Seven years after the signing of the Oslo Declaration of Principles (DOP) and many other agreements in different locations, President Clinton called for Camp David meeting of 2000 with the purpose of ending the Palestinian-Israeli conflict once and for all. After extensive negotiations, Arafat was offered an agreement to sign that would have consolidated apartheid and legitimated annexation of considerable areas of the occupied territory including Jerusalem to Israel. The agreement would have ended all future claims for Palestinian refugees’ lands and property inside Israel proper and nullified fourth Geneva Convention and other UN resolutions relevant to the Palestinian refugees.
Arafat knew for sure that his acceptance signature on the offer would be his death sentence. But he also knew that Oslo agreements that he enthusiastically signed and promoted as the road to peace limited his power to extract any concessions from Israel that may satisfy the Palestinians. He and the whole Palestinian cause were captive of his own Oslo agreements. He rejected the offer and could not come up with a counter offer because the gap between the US-Israeli offer and the minimum acceptable final solution by the Palestinians was too wide to bridge.
Arafat rejected the final offer, but he never told the Palestinian people and the international community what he rejected and why, thus giving the Israeli and the US media a free hand to tell the story even if it was completely wrong. The media claimed that Arafat turned down 95 percent of the West Bank and Gaza and part of Jerusalem city. They repeated the false claim so many times over the years until it has become an accepted fact.
The 5 percent of the occupied land to be annexed to Israel that the news media referred to did not include the settlements surrounding areas taken or earmarked for expansion, roadways joining settlements with each other and to Jerusalem, and wide arterial swaths providing water, sewage services, electricity and communications. This infrastructure that supports the settlements divides the entire West Bank into multiple fragments. The area of the unilaterally expanded municipality of Jerusalem alone exceeds 5.4 percent of the West Bank and the offer would leave more than 300,000 settlers in 200 settlements under the sovereignty of Israel.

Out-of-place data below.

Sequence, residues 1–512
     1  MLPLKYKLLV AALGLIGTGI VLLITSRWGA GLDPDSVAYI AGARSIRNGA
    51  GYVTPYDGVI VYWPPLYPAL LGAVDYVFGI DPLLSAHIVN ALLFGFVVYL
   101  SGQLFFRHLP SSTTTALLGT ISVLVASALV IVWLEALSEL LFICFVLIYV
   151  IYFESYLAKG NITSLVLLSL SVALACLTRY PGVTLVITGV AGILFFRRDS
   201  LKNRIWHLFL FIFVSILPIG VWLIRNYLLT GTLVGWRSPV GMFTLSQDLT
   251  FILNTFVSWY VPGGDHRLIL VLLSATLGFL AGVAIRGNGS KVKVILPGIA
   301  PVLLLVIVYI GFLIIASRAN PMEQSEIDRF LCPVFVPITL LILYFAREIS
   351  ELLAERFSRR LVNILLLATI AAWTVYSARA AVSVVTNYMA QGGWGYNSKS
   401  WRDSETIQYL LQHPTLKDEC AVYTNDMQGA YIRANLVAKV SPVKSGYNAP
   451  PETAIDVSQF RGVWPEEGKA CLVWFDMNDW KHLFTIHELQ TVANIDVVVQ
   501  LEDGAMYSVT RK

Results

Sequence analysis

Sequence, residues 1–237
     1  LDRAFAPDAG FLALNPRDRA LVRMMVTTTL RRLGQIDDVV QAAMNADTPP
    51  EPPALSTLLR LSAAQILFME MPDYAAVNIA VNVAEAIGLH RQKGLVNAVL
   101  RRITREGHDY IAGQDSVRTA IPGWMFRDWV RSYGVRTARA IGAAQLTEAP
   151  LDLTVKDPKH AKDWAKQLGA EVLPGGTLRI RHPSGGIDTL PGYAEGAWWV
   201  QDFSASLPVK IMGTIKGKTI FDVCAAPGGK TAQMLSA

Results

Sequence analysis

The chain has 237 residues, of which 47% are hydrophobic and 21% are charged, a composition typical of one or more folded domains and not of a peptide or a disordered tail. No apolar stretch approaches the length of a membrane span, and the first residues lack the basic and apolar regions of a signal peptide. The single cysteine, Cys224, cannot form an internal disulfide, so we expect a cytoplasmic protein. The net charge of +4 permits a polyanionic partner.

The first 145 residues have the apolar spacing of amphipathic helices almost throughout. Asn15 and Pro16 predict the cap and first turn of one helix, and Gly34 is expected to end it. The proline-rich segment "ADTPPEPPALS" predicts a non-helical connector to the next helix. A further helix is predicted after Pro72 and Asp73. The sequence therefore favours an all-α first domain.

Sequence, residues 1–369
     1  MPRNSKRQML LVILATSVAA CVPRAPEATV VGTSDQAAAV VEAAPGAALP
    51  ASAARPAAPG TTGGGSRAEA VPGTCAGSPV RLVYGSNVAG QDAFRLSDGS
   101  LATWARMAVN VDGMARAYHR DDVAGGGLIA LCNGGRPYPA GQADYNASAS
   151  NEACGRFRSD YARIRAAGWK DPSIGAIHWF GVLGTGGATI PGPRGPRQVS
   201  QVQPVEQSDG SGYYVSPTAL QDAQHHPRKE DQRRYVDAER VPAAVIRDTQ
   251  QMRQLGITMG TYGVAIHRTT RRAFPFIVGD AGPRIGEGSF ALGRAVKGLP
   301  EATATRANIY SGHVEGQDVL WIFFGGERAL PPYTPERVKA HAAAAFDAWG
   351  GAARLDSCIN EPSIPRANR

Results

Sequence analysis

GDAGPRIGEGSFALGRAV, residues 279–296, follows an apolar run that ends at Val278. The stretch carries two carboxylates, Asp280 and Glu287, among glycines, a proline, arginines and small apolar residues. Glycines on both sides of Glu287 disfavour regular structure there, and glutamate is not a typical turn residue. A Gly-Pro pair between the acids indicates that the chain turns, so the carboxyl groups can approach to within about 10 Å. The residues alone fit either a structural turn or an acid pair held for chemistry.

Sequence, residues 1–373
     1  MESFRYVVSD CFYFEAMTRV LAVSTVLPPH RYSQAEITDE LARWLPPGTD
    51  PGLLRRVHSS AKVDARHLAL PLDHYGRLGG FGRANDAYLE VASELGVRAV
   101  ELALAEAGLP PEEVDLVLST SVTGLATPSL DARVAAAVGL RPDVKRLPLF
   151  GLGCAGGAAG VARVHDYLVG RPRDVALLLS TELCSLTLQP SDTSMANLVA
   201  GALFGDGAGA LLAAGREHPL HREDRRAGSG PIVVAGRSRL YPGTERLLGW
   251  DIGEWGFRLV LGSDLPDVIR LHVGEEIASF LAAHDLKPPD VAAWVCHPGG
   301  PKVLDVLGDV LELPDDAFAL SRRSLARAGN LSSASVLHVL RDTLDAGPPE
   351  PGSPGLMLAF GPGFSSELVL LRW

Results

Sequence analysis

The real offer was only “64 percent of the West Bank and Gaza and few villages outside Jerusalem that the Palestinians could call their capital”. Prime Minister Barak would not give up the settlements and East Jerusalem. Camp David 2000 offer dictated that Palestinians accept to live with 80 per cent of the settlements and no right of return for refugees. The Israelis and their supporters claim their official offer to Arafat had been the most generous one by Israel. But David Hirst argues in his book, “The Gun and the Olive Branch: The Roots of Violence in the Middle East”, that nothing can be compared to the generosity of the Palestinian negotiators to Israel in the Oslo agreements.